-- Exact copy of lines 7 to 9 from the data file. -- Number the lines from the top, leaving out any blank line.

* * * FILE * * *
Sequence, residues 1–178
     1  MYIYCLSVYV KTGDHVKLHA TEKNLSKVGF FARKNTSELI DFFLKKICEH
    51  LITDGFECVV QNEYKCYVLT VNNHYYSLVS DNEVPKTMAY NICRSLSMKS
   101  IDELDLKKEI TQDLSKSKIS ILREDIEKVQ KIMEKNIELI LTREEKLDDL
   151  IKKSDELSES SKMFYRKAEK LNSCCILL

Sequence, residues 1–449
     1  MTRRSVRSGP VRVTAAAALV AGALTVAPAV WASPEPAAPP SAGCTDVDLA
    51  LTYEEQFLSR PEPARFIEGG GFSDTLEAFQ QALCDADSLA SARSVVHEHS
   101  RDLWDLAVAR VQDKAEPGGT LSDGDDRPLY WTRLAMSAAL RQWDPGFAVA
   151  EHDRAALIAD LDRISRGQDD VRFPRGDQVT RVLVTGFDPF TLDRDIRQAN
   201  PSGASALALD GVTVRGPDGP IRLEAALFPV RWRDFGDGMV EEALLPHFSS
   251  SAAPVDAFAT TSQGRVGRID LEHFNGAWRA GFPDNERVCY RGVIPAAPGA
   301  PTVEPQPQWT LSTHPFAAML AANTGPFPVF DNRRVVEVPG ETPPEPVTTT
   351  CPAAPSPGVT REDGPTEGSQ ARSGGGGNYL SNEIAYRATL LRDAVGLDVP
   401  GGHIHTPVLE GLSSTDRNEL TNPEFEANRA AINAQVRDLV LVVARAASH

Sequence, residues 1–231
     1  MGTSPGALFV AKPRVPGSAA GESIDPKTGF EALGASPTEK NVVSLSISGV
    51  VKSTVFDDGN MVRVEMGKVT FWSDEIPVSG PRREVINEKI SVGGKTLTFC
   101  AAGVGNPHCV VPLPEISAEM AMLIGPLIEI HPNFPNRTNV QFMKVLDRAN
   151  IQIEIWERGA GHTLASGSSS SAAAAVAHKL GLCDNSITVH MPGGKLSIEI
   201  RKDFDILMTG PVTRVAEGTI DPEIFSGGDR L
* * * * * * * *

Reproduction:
     1  MTRRSVRSGP VRVTAAAALV AGALTVAPAV WASPEPAAPP SAGCTDVDLA
    51  LTYEEQFLSR PEPARFIEGG GFSDTLEAFQ QALCDADSLA SARSVVHEHS
   101  RDLWDLAVAR VQDKAEPGGT LSDGDDRPLY WTRLAMSAAL RQWDPGFAVA